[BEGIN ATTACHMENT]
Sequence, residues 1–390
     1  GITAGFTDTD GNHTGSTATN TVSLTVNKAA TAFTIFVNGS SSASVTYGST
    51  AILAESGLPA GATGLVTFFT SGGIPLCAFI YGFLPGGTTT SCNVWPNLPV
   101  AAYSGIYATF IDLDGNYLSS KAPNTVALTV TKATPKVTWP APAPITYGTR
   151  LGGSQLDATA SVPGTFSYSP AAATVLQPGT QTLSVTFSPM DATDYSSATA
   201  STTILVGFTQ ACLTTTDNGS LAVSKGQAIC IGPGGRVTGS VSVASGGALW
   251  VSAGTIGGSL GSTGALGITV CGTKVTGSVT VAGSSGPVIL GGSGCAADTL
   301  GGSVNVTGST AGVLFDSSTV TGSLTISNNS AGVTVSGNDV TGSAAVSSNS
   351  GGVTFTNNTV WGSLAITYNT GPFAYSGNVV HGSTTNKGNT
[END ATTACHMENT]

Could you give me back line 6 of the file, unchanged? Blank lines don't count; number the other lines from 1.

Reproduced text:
   201  STTILVGFTQ ACLTTTDNGS LAVSKGQAIC IGPGGRVTGS VSVASGGALW